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  current name:

Horse & Groom

  previous names:  
  current landlord/landlady:  
  address: 4, Castle Hill, Windsor, Windsor
     
  information: Right opposite King Henry VIII Gate, Windsor Castle
  map:  
  telephone: 01753 830172
  web address:  
  e-mail address:  
  photo gallery:   click picture to enlarge
  history: In 1842 The Horse & Groom was run by a Mr Cutt.

Some Selected Reports from The Windsor and Eton Express 1842

Windsor Police - Monday
[Before John Clode, Esq. (Mayor), R.Tebbott, Esq., Wm.Legh, Esq. and Mr.R.Blunt, Esq.]
 

This was the day fixed for hearing two charges of assault which had been last week preferred against Charles Brown, one of the borough policemen . At the commencement of the proceedings

Mr.Tebbott, addressing his brother magistrates, said the Mayor having on Thursday last done him the honour of placing him in the chair when his worship was obliged to leave the court, he found that after one case against the policeman had been heard for an assault on a female, there were two others, and therefore he had felt it his duty to call a bench of magistrates to hear them. He thought whether the charges were true or not it was desirable that they should be heard. The first case against Brown was that of assaulting a female in the Long Walk, and in that he (Mr.Tebbott) believed Brown was labouring under a mistake as to the person, but it was proved that he knocked her head against a tree -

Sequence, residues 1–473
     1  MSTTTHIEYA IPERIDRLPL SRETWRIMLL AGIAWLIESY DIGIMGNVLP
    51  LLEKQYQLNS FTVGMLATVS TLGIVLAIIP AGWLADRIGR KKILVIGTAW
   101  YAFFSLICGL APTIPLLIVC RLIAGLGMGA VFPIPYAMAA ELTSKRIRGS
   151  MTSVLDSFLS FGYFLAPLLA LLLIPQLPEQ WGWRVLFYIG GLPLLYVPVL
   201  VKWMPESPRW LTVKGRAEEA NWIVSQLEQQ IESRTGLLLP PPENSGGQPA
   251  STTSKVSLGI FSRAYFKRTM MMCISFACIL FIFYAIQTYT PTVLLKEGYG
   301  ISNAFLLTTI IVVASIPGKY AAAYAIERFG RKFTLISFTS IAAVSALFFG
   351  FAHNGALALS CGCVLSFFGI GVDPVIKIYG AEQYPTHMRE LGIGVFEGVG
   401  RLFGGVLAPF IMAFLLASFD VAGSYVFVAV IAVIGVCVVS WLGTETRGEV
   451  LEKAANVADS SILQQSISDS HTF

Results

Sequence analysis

Mr.Blunt - But we ought not to go into that case now. It is disposed of.